that emissions in the Uintah (“Uinta”) Basin, which produces about 1 percent of
total U.S. natural gas, may have higher emissions than typical for western gas
The Environmental Protection
Agency’s Office of Inspector General has
called for better emissions data from the natural gas sector, and this paper
is one of the first published since.
The aircraft was part of a collaborative,
multi-agency mission in the region to better understand how emissions from
fossil fuel extraction activities affect local air quality.
Methane is the primary constituent
of natural gas, and it is a potent greenhouse gas. Other components, such as
chemicals called volatile organic compounds are also emitted from oil and gas
production operations and can contribute to
Gas wells dot the landscape in the Uintah
Basin, in this Google Earth image.
“We expected methane emissions would be detectable, but we did not anticipate
levels as high as what we observed,” Sweeney said.
The aircraft flew over the oil and gas field 11 other days during the study, but
on those days, wind and other atmospheric conditions were unpredictable or
erratic making it difficult to directly estimate methane emissions.
Karion, Sweeney and their co-authors continue to analyze methane and other
emissions data gathered in Uintah Basin, in 2012 and 2013, and from recent
scientific flights through other oil and gas production regions.
Utah’s Division of Air
Quality helped to fund some of the Utah work, and Deputy Director Brock
LeBaron said that new actions already taken by the EPA and the state of Utah
will soon lessen methane emissions in the Uintah Basin.
“Our work with NOAA and CIRES indicates that high levels of volatile organic
compounds contribute to ozone pollution in the Uintah Basin,” LeBaron said.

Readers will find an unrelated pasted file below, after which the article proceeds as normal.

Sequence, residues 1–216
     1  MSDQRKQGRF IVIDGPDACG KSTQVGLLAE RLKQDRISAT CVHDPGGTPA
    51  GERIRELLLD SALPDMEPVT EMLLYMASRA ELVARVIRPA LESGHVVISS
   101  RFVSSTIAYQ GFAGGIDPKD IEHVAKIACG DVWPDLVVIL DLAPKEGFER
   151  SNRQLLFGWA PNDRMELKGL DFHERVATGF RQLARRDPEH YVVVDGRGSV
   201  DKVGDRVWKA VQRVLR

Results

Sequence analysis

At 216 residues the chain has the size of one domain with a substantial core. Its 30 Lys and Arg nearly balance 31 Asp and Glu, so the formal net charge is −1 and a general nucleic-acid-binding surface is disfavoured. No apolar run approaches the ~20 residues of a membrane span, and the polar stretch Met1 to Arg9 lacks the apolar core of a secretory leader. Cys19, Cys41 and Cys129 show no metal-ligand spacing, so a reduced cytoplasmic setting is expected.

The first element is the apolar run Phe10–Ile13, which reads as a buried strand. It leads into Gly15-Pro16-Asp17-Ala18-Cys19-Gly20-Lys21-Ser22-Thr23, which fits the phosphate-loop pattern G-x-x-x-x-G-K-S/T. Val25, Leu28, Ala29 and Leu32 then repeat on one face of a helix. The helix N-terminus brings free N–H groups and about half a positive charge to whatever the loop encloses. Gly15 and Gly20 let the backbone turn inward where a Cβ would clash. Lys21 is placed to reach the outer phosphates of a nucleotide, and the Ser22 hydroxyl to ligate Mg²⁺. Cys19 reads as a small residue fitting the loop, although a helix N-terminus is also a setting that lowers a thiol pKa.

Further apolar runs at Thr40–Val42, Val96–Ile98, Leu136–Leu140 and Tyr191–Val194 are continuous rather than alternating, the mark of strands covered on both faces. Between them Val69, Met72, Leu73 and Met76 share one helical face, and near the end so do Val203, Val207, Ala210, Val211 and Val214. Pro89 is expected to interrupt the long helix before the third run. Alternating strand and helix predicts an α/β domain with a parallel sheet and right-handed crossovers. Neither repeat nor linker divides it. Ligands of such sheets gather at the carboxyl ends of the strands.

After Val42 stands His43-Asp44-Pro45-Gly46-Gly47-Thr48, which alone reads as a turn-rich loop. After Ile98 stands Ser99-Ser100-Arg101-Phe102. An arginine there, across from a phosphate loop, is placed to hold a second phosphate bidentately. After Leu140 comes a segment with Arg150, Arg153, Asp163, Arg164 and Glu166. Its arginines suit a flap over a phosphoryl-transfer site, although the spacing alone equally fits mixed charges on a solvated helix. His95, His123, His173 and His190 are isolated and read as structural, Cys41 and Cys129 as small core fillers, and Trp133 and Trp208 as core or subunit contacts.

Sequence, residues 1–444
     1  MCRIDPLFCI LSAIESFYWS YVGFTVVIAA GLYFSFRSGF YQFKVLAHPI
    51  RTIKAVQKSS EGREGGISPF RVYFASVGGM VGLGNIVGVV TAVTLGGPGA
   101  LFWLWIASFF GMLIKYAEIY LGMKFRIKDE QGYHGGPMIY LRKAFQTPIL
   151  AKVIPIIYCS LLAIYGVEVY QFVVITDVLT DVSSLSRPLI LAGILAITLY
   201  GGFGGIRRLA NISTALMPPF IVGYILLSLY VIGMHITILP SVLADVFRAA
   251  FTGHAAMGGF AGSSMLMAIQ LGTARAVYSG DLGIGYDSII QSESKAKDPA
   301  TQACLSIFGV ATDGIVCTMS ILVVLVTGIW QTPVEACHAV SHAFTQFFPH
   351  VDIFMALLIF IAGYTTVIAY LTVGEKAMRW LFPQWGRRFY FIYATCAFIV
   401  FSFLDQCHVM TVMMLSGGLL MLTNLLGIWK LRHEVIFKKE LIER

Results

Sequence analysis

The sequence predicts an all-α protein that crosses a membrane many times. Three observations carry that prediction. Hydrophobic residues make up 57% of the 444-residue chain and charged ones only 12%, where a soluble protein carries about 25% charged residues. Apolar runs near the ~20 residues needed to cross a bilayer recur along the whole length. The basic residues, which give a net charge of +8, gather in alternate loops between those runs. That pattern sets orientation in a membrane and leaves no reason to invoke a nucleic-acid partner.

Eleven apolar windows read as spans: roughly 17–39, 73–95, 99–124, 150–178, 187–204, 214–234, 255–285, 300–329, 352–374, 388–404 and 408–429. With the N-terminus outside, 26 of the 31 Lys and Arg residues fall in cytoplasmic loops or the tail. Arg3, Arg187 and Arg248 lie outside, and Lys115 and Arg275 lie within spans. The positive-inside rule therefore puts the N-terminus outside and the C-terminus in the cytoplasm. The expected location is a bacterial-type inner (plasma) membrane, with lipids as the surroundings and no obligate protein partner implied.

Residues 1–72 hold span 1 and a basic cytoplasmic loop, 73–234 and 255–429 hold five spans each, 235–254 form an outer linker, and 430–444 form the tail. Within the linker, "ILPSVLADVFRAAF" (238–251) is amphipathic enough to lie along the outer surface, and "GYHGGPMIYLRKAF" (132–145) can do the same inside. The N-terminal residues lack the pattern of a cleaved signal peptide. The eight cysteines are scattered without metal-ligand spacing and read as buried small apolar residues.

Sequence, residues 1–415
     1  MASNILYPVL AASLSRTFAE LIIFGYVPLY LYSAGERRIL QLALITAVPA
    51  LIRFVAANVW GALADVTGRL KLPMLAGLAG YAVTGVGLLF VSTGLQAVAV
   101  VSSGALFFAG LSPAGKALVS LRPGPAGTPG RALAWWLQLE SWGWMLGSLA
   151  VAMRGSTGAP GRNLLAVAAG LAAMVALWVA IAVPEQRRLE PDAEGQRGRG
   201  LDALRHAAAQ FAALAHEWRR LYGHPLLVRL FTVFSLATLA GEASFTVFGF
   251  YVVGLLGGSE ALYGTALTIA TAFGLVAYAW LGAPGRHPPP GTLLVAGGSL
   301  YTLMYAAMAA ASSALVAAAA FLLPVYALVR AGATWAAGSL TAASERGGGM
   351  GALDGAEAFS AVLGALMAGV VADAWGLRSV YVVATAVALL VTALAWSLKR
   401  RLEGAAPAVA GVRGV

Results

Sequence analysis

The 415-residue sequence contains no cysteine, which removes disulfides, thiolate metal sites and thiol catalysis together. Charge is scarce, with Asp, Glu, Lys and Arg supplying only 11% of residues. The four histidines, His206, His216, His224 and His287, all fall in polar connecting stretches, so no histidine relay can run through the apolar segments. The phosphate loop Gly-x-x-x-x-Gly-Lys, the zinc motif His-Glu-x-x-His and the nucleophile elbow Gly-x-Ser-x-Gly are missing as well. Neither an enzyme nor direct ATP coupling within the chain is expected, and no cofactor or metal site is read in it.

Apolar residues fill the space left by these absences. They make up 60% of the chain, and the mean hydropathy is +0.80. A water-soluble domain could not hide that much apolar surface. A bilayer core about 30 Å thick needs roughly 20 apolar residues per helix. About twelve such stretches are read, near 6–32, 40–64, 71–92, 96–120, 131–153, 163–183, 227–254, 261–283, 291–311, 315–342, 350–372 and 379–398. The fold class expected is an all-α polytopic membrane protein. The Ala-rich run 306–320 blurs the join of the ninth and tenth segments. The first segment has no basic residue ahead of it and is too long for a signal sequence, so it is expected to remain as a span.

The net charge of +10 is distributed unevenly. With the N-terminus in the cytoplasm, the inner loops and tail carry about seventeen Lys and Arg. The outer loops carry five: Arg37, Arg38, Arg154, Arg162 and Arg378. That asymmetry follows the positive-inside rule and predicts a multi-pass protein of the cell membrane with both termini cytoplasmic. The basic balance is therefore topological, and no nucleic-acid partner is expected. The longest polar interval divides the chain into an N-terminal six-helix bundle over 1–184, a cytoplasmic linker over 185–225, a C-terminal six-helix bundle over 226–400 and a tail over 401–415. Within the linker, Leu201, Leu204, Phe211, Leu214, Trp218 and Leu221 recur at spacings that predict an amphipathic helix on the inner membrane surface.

“Our own efforts in Utah and the EPA’s oil and gas
New Source Performance Standards, designed to lessen those air quality
impacts, will also significantly cut methane emissions during the next few
A research aircraft comes in for a
landing in Vernal, Utah. Sensitive instruments aboard let CIRES and NOAA
researchers measure atmospheric levels of methane and other chemicals during
flights through the Uintah Basin oil and gas fields, in Utah. CREDIT: Sonja
CIRES is a joint institute of the National Oceanic and Atmospheric
Administration (NOAA) and the
University of Colorado
Coauthors of “Methane emissions estimate from airborne measurements over a
western United States natural gas field” are Anna Karion, Colm Sweeney,
Gabrielle Pétron, Gregory Frost, Jonathan Kofler, Ben R. Miller, Tim Newberger
and Sonja Wolter of the Cooperative Institute for Research in Environmental
Sciences at the University of Colorado Boulder; Robert Banta, Alan Brewer, Ed
Dlugokencky, Mike Hardesty, Patricia Lang, Stephen A. Montzka, Russell Schnell,
Pieter Tans, Michael Trainer and Robert Zamora of NOAA’s Earth System Research
Laboratory in Boulder, Colo.; and Stephen Conley of the University of
California, Davis. Geophysical Research Letters is a journal of the
American Geophysical Union.
- See more at: http://cires.colorado.edu/news/press/2013/methaneleaks.html